Work-in-progress Part 2 Fallschirmjager Crete: Equipment belt & kit, MP40 repaint

I seem to be working all over the place with this project! There’s quite a few things to be done, namely: weathering the kit – leather waist belt, breadbag, canteen and mess-tin; improving upon the jump smock; leather boots substitution; puttying up the neck and wrist joints and improving on the finish of the MP40. Thank goodness FJs in the Crete invasion were lightly kitted out!

Equipment belt and accessories

Dragon's Gustav Bayer's Luftwaffe Equipment Belt with weathered breadbag, mess-tin, canteen, MP40 ammo pouch and repainted P08 Luger and holster. The substituted brown waist belt is a modified Soldier Story German FJ Belt.

MP40

The Dragon MP40 is given a weathering treatment and will have its black elastic strap replaced with a leather strap. The images below show just a few of the weathering/finish stages… actually there were more on account of the many mistakes I made!

After painstakingly reworking the metal paint finish with Tamiya's Weathering Master B (comprising of Snow, Soot, Rust colours) and C Set (comprising Orange Rust, Gun Metal, Silver), I realised that the 'aluminium' finish on the foregrip was not correct. As aluminium was a very scarce material - it was used exclusively by the aircraft industry after the outbreak of WW2 - aluminium foregrips were not manufactured and used. MP40s with aluminium foregrips were post war French versions used by the French Army in the colonial wars in Indo-China and Vietnam. Bakelite - an early synthetic plastic developed in 1907 - was easy and fast to produce and the foregrips came in several colours from light to dark brown and almost black. There were also red Bakelite foregrips but these were pretty rare. The leather strap is by BattleGear Toys. Well... back to the work bench again!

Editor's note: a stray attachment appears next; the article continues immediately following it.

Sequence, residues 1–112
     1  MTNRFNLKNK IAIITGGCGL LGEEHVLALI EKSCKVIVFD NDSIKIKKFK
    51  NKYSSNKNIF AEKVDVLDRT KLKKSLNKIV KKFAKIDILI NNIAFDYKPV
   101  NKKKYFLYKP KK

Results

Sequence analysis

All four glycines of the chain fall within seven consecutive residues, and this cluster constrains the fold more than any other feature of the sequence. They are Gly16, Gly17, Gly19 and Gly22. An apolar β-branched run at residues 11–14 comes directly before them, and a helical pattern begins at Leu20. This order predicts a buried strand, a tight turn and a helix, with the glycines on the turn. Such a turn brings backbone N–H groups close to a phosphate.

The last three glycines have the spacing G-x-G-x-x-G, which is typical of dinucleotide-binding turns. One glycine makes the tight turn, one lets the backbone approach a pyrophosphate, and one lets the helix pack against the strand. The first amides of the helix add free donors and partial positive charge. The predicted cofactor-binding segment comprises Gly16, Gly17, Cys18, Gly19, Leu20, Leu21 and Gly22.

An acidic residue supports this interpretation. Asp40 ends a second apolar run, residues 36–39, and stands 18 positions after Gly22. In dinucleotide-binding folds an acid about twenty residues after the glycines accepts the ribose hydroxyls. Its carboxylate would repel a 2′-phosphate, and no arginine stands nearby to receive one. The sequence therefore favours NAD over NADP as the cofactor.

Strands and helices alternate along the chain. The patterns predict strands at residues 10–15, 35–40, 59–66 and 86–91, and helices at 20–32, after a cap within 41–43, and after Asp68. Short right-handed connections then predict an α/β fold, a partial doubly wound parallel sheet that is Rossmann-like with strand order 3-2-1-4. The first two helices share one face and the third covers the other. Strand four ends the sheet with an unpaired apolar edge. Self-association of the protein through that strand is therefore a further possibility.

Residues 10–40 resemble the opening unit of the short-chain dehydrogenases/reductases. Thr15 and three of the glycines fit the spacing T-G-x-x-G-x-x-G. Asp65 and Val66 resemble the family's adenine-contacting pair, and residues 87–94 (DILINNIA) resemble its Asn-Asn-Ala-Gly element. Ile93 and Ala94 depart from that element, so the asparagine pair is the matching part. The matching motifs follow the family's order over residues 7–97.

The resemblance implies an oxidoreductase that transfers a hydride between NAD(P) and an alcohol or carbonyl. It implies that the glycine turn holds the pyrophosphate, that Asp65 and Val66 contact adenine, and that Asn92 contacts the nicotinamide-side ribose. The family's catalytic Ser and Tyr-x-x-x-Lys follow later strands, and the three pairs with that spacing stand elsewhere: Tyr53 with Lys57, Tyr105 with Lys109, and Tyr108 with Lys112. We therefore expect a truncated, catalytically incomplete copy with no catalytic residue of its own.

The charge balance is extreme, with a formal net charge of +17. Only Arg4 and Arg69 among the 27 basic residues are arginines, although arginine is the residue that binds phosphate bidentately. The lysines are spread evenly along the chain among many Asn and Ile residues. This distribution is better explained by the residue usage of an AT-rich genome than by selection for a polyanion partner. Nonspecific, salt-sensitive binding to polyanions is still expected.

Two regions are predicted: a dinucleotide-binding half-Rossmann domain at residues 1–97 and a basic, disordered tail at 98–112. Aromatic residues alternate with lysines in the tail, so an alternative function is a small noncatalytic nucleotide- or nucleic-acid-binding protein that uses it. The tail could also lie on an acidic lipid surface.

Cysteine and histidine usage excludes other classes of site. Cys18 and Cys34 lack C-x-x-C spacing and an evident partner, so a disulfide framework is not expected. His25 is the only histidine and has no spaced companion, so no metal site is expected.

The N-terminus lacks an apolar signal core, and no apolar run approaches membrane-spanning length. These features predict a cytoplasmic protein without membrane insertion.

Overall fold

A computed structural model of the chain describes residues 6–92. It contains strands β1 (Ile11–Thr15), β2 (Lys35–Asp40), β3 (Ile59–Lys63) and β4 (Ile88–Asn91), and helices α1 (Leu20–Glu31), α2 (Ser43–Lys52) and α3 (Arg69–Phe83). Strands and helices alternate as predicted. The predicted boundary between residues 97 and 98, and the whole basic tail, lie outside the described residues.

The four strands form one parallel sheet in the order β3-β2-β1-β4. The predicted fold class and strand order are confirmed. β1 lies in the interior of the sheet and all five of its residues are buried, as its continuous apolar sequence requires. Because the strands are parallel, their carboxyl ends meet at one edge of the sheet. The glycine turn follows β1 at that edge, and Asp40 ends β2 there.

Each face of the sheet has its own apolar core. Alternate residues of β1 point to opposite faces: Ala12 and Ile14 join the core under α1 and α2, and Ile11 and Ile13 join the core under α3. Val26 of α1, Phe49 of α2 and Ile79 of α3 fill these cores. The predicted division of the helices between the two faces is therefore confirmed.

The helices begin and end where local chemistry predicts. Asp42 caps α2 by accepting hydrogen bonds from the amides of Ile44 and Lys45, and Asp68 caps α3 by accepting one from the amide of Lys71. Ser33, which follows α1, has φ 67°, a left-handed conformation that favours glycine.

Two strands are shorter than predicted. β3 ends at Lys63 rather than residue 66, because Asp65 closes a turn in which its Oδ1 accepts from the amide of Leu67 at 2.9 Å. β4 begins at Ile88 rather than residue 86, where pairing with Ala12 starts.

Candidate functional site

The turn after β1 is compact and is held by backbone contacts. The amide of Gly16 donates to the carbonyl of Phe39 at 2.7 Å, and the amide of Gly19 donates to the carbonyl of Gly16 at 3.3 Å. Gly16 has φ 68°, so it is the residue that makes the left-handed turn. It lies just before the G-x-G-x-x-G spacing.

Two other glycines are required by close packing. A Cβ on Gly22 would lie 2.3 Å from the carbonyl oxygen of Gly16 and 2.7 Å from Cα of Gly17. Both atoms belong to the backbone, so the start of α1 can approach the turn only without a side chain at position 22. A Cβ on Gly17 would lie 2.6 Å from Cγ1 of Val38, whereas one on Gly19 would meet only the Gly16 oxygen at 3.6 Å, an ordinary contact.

Source

Reworked MP40… metal and Bakerlite finish with dust weathered ‘stains’.

 

Tamiya Weathering Master Sets A, B and C are sets of waxy pastel of different colours like light sand, sand, mud, snow, soot, rust, gun-metal and others. Each set comprises a small plastic container with flip-top cover measuring 80mm x 50mm, divided into three compartments of waxy pastel (25mm x 25mm x 4mm), an applicator with a brush on one end and a foam pad on the other. The foam pad is used for applying the pastels over large areas while the soft haired brush at the other end is used for dry-brushing and cleaning off excess bits of pastel. They aren’t messy and are easy to use, working in layers will build up quite a decent effect. The pastels however don’t appear to be water-resistant though, but that shouldn’t be a problem unless you have sweaty fingers!

Tamiya Weathering Master Sets and application tips

More to come…

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